I never had any cake though ’cause my girlfriend Nia was waiting on our stoop for me with a red balloon. Just sittin’ there with a balloon, looking all lost. I’ll never forget that look and how her voice shook when she said, “Bobby, I’ve got something to tell you.” – Bobby, The First Part Last, by Angela Johnson
I am conducting some research for a writing project. The research involves reading a few young adult fiction novels that deal with unplanned pregnancy, teen parenting and more.
Wow. Can we get a bigger trigger pointed at me? It is one thing to read Fessler or Robinson or Solinger. It is another thing entirely to read books written for teens like I was, books that describe my experience, books that talk about having to tell your boyfriend that your period has disappeared. Ay yi yi.
Last night I read a book titled The First Part Last by Angela Johnson. Gulp. The novel (as described by Amazon) tells the story of a young father struggling to raise an infant. Bobby, 16, is a sensitive and intelligent narrator. His parents are supportive but refuse to take over the child-care duties, so he struggles to balance parenting, school, and friends who don’t comprehend his new role. Alternate chapters go back to the story of Bobby’s relationship with his girlfriend Nia and how parents and friends reacted to the news of her pregnancy. Bobby’s parents are well-developed characters, Nia’s upper-class family somewhat less so. Flashbacks lead to the revelation in the final chapters that Nia is in an irreversible coma caused by eclampsia.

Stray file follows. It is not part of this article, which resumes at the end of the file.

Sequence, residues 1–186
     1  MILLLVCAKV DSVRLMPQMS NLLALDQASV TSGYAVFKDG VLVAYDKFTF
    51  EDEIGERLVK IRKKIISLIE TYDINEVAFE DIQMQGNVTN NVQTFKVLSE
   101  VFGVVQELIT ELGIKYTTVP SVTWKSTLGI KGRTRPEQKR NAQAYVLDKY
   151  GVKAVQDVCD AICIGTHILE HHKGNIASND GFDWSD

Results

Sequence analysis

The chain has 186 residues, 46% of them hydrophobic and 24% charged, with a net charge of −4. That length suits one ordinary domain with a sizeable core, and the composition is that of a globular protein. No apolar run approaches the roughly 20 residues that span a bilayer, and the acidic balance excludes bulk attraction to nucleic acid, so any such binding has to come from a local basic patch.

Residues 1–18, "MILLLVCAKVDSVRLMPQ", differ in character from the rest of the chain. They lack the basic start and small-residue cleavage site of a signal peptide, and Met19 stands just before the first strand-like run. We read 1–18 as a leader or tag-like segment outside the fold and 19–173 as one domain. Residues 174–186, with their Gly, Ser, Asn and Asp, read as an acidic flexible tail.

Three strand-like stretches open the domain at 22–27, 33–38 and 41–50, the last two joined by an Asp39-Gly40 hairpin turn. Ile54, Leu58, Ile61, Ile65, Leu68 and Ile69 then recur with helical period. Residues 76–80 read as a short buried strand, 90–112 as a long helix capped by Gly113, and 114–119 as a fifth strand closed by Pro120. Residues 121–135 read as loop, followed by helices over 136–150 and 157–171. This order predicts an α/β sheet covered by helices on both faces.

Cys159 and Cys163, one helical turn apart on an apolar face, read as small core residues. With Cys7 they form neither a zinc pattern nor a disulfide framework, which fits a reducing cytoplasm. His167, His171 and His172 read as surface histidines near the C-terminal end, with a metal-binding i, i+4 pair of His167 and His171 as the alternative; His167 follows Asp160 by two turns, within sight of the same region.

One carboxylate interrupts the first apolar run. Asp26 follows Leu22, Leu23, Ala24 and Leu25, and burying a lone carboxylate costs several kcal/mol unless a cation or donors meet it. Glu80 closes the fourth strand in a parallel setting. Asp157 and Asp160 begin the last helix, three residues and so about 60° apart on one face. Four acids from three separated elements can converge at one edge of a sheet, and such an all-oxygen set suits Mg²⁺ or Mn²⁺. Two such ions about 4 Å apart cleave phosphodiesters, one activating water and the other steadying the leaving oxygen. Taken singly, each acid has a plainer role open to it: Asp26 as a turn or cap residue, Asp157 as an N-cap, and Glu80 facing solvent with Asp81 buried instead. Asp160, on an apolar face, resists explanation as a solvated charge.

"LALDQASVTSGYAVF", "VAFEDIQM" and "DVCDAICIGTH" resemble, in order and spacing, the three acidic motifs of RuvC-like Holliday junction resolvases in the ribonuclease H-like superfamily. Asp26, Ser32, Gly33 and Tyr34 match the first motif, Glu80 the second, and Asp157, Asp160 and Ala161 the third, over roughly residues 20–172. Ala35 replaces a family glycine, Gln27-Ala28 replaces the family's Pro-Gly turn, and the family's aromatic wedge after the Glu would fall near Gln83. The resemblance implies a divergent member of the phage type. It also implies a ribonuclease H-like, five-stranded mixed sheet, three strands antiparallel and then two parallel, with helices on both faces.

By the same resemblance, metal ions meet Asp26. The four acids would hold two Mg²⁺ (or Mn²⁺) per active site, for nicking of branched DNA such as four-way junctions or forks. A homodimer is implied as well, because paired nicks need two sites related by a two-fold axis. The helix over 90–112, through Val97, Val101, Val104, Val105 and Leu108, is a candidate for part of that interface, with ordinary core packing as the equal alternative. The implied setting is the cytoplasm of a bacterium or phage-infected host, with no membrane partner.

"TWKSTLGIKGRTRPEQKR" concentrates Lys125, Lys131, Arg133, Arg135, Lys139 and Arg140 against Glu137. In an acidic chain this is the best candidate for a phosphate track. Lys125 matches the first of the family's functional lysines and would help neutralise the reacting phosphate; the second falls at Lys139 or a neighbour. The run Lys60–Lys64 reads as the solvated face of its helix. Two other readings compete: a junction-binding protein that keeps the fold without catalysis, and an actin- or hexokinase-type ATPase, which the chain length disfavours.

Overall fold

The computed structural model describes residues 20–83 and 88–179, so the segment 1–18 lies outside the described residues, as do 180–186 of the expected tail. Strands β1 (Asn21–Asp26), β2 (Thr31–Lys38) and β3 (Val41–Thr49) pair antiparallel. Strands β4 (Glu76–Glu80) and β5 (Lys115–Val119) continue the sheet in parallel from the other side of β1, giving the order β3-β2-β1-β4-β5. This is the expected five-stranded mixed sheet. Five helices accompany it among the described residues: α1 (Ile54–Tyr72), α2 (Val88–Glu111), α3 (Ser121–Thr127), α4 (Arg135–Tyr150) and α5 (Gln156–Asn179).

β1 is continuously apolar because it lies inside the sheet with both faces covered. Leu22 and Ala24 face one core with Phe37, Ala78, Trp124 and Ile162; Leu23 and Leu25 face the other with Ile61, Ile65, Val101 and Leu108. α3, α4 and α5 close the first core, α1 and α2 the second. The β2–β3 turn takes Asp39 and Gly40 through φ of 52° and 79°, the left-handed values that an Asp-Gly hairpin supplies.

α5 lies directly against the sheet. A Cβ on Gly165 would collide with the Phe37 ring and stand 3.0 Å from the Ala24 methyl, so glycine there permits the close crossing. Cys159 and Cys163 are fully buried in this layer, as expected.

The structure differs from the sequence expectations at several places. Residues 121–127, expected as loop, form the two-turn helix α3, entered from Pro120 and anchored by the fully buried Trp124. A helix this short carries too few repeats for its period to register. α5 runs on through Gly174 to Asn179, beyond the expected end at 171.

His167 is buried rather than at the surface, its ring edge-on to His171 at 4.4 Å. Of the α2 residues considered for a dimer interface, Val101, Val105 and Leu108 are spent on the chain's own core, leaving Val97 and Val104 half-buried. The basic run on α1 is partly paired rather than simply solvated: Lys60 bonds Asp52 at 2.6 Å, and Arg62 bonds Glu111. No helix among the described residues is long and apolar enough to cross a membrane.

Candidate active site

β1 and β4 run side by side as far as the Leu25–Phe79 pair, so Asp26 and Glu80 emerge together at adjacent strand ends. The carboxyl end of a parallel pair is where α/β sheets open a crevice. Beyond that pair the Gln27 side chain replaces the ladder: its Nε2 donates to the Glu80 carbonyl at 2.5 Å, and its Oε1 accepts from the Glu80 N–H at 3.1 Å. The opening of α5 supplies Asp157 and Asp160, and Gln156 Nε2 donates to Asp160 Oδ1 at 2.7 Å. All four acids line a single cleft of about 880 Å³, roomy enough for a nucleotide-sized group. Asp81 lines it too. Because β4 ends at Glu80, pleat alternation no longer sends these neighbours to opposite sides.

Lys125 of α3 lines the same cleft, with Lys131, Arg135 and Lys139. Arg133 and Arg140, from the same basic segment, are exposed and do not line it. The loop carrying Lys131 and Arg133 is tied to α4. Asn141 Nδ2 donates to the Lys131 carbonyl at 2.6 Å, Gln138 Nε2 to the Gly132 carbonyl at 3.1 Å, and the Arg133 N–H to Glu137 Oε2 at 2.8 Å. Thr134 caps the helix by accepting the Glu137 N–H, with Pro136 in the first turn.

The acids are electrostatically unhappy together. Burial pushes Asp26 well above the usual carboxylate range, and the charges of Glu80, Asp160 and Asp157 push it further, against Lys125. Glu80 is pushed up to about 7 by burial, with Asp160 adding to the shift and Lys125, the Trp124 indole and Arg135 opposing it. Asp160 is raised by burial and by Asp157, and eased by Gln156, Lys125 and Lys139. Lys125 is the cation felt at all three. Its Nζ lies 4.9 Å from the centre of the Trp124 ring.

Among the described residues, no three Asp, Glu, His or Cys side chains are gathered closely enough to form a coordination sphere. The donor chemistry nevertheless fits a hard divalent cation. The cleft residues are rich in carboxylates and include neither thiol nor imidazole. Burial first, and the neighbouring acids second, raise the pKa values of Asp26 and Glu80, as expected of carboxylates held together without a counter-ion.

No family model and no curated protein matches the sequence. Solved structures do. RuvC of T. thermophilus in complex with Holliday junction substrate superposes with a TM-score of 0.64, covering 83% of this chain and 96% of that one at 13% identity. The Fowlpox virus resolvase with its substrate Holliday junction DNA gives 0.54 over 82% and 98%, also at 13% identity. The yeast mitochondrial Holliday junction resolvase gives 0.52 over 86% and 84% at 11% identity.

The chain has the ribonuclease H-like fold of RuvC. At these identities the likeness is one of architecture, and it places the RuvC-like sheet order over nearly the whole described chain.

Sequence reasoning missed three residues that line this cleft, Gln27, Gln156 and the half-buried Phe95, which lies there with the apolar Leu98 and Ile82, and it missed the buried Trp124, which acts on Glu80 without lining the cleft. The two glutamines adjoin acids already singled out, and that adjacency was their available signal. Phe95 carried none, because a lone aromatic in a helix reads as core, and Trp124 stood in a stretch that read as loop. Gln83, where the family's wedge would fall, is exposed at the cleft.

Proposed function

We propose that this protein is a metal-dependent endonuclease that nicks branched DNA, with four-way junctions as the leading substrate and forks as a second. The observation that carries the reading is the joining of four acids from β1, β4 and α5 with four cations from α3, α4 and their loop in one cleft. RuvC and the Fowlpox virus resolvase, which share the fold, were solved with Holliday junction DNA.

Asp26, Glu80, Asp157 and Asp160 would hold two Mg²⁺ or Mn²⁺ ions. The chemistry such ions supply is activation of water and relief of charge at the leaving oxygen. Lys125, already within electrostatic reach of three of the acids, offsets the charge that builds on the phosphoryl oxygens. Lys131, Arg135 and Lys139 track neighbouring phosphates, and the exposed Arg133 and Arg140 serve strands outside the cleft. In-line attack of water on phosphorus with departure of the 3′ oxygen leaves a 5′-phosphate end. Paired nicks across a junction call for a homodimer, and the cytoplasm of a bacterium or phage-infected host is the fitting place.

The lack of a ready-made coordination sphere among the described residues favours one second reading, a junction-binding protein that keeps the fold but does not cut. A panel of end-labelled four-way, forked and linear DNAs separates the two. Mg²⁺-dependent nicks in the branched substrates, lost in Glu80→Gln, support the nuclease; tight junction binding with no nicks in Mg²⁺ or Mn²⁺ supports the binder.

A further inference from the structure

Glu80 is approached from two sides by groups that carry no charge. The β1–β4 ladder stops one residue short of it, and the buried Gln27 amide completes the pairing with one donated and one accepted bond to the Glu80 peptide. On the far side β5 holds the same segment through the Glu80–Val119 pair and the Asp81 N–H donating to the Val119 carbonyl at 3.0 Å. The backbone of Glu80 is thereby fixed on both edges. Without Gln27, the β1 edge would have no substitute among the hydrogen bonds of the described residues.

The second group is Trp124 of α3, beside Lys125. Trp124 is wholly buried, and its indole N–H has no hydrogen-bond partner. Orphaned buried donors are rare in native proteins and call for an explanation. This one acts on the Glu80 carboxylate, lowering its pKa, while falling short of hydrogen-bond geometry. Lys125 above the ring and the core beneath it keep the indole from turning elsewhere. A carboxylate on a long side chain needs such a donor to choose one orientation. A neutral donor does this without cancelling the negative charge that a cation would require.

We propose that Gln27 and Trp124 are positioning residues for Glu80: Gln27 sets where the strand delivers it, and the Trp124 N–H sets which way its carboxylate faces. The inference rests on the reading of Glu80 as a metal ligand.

I did enjoy the book (read it in an hour). I want to give the book some sort of positive review yet I am I struggling. How can I do research if my research triggers me? How do I put on some sort of emotional glasses that will filter out the tears and allow me to see the story yet not?
The book had a few triggers. The page or two that highlights the expectant parents meeting with an adoption agency, what they say to the expectant parents was massively disturbing to me on so many levels.
Oh, and yeah, years ago, right after I found my daughter and reunited with her father we found we both still had intense feelings for each other. We had many conversations, exchanges, and at one point her natural father says to me “It feels like we are living life backwards. Like we are putting the first part last.” The trigger there should be obvious.
I am struggling to give the book a good review and again, that is likely because the subject matter is so close to my aortic valve. But yeah, read it. Read it if you have teenage sons or daughters. Have them read it. Discuss it. I plan to do so with my 12 year old son.
Next up on the reading list is Annie’s Baby: The Diary of Anonymous, a Pregnant Teenager.